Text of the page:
Monday, August 3, 2015

Muddling Mathematical Magic

Hello readers!

One nice thing about Blogs is that you get to be retrospective.  It allows me to think a bit about my practice and experiences - which of course I share with you.  In the vein of my recent postings, I’m going to get a bit personal with this one.  In this posting, we are going to talk about how mathematics, or more importantly, the manner in which evaluative questions are asked and answered can really present different “realities”.

One of the largest challenges I’ve faced as an evaluator is electing the right evaluative questions from my clients (internal and external).  Often, the process begins with the question, “what do we want to learn or know?”  But really, there is a deeper question, what constitutes meaningful information to the stakeholders?  Finally, there is the question, “how will the information be used?”

Reading my previous posts, you will note that I have an orientation toward using evaluation for learning versus promotion or marketing.  These orientations can coexist, but often the information is presented differently and frankly can also be limited due to a focus of use - most of us don’t want to share the negative sides of our organizations and work.  More importantly, the same data/information, presented differently, can result in these different realities.  Some time ago, I worked with an organization that was more marketing focused versus learning focused.  I’m going to use one of the key measures as an example.

The organization was interested in increasing the number of people engaged in a behavior.  Now, you can look at this a number of ways, the simplest mathematically and certainly more accurate is to do a simple count.  However, those numbers can appear low.  A slightly more complex way to look at this is to speak to percent increase.  Both use the same data, but question results in a different perspective.  If we had 5 individuals engage in the behavior, depending on the scope of the project, some stakeholders might be disappointed in the result.  Let’s say that target for the intervention was 200 people, suddenly the impact might not appear so large.  However, let’s say there was originally 5 people engaging in the behavior.  We can say that there was a 100% increase in engagement.  So we have this presented two ways:

  • 5 individuals our of 200 started engaging in the behavior after the intervention.
  • There was a 100% increase in the number of individuals engaging in the behavior after the intervention.

Which sounds better to you?  The basic evaluation question is the same, it is the same data, but the measures are different.  The difference is in the framing of the question and how it is reported.  I’ll make it worse…  the report could also state:

  • 2.5% of the target group started engaging in the behavior after the intervention.

Well, maybe that doesn’t sound as bad as the count of 5 after all.  In the third example, I left out the scope (200 targeted individuals).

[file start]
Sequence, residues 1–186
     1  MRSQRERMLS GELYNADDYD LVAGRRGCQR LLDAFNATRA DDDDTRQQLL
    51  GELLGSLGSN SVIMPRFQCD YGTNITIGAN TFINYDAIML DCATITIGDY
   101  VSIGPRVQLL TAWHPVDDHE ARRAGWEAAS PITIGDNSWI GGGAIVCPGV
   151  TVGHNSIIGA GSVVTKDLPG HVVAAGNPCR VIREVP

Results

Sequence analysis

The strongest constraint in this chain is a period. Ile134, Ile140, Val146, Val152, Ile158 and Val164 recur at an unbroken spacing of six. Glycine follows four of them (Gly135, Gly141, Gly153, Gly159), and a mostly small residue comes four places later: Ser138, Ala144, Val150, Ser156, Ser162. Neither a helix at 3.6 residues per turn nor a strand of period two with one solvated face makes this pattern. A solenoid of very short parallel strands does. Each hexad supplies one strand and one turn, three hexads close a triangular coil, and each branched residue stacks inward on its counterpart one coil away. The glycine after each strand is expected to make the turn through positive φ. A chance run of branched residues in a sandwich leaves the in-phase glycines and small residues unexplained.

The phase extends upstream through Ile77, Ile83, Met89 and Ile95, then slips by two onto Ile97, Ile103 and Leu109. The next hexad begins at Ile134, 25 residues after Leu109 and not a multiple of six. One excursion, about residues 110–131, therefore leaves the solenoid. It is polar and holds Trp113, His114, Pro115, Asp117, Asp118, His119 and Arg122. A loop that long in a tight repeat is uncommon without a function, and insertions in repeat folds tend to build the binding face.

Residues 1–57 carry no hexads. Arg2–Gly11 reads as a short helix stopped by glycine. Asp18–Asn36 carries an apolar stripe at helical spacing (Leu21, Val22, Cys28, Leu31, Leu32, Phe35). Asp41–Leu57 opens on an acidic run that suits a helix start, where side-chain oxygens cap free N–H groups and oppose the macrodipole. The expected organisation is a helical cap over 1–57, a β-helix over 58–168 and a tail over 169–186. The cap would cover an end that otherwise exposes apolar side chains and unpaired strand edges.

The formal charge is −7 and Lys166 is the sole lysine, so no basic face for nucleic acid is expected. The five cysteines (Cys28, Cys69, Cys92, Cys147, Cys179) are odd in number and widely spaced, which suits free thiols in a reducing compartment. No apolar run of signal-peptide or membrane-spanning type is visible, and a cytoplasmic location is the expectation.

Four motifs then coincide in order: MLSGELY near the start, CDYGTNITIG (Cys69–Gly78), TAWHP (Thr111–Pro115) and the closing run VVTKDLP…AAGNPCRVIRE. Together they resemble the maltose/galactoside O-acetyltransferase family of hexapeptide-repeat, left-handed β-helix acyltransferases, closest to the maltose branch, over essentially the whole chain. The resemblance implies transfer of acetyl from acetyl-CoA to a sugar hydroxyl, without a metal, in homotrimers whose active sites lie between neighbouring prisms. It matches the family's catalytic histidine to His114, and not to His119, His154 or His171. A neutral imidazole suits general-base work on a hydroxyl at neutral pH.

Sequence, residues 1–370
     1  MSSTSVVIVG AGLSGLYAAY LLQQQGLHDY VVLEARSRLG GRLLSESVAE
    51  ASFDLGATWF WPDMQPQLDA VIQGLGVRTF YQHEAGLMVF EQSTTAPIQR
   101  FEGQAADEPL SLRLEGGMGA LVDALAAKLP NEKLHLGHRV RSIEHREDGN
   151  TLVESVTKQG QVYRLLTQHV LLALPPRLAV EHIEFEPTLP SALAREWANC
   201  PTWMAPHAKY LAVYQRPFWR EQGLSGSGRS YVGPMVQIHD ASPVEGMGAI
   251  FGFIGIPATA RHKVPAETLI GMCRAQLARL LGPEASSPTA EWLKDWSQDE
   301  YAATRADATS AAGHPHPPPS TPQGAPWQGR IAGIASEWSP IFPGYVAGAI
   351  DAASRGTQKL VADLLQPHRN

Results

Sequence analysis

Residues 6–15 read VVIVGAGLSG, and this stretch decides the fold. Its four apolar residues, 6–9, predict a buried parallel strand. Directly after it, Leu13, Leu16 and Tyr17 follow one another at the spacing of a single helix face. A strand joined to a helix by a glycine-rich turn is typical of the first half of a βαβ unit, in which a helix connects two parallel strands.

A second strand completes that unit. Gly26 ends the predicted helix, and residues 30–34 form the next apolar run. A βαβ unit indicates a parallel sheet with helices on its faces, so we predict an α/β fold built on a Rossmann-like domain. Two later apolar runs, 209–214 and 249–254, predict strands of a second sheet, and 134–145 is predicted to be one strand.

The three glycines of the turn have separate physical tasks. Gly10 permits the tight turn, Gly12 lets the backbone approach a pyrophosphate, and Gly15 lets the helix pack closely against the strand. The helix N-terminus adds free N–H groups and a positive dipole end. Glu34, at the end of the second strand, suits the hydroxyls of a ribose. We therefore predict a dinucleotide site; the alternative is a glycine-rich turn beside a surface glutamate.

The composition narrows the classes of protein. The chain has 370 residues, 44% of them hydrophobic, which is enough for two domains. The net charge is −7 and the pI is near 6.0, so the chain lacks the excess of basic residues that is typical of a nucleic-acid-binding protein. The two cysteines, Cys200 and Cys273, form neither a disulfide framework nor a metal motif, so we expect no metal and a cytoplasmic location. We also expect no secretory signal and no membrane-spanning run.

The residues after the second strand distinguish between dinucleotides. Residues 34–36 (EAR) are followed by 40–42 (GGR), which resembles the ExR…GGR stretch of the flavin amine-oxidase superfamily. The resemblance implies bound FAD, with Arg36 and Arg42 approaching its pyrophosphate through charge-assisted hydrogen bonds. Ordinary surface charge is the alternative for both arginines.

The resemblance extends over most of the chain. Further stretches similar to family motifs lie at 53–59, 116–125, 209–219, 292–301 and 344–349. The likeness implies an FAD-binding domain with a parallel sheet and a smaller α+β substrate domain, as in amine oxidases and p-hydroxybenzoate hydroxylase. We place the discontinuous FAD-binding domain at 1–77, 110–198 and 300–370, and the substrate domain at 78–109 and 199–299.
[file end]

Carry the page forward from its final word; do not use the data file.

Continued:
I’m using this example to make a point, specifically to evaluators and consumers of evaluation.  It is critical to be clear around the evaluative question and what it really tells you.  I’ll complicate things more - what if I said that the count of 5 was statistically significant?  What would you say then?  Does your opinion change or is it already tainted by what I shared above.  Does it all into question the idea of statistical significance?

But, let me offer another piece of data - what if we aren’t talking about engaging in a behavior - volunteering, but successful intervention resulted in the individual living and the others dying?  Does this change your view?  What if we are talking about a clinical trial for inoperable cancer and 5 went into remission and the remainder did not?  Does the scale of impact shift your view?

My guess is that some of you said yes to some of the questions above.  As consumers of evaluative data, we bring to the table concepts around impact and scale.  A 100% increase sounds darn good no matter what - certainly better than we doubled those engaged.  Some might ask a further question and find out the impact was only 5 out of 200.  Depending on the relative strength of impact (life and death being probably the most extreme example), you can view that result differently again.  Add in the cost of the intervention and the question of value becomes more muddled.

I have a proposal…  As evaluators and consumers of evaluation, let’s ask for clarity.  When looking at impact, let’s look at expectations and the significance of those expectations as the “comparison group”.  In reporting and reading of those reports, let’s keep those expectations in the forefront of our minds and in the text of the report.  As learners, we would want to know this and frankly, as a consumer of marketing materials, I would want these things clear as well.

As always, I’m open to your comments, suggestions, questions, and perhaps dialogue.  Please feel free to post in the comments section.


Best regards,

Charles Gasper

The Evaluation Evangelist